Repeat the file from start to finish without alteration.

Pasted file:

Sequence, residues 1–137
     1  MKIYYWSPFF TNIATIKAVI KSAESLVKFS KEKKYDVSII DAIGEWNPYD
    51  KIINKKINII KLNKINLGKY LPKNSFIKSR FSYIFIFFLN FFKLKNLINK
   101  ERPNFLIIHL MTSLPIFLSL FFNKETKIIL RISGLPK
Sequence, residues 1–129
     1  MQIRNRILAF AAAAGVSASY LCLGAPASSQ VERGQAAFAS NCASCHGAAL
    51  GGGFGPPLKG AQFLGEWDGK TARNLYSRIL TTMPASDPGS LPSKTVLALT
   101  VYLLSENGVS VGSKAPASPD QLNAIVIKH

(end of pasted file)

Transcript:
Sequence, residues 1–137
     1  MKIYYWSPFF TNIATIKAVI KSAESLVKFS KEKKYDVSII DAIGEWNPYD
    51  KIINKKINII KLNKINLGKY LPKNSFIKSR FSYIFIFFLN FFKLKNLINK
   101  ERPNFLIIHL MTSLPIFLSL FFNKETKIIL RISGLPK
Sequence, residues 1–129
     1  MQIRNRILAF AAAAGVSASY LCLGAPASSQ VERGQAAFAS NCASCHGAAL
    51  GGGFGPPLKG AQFLGEWDGK TARNLYSRIL TTMPASDPGS LPSKTVLALT
   101  VYLLSENGVS VGSKAPASPD QLNAIVIKH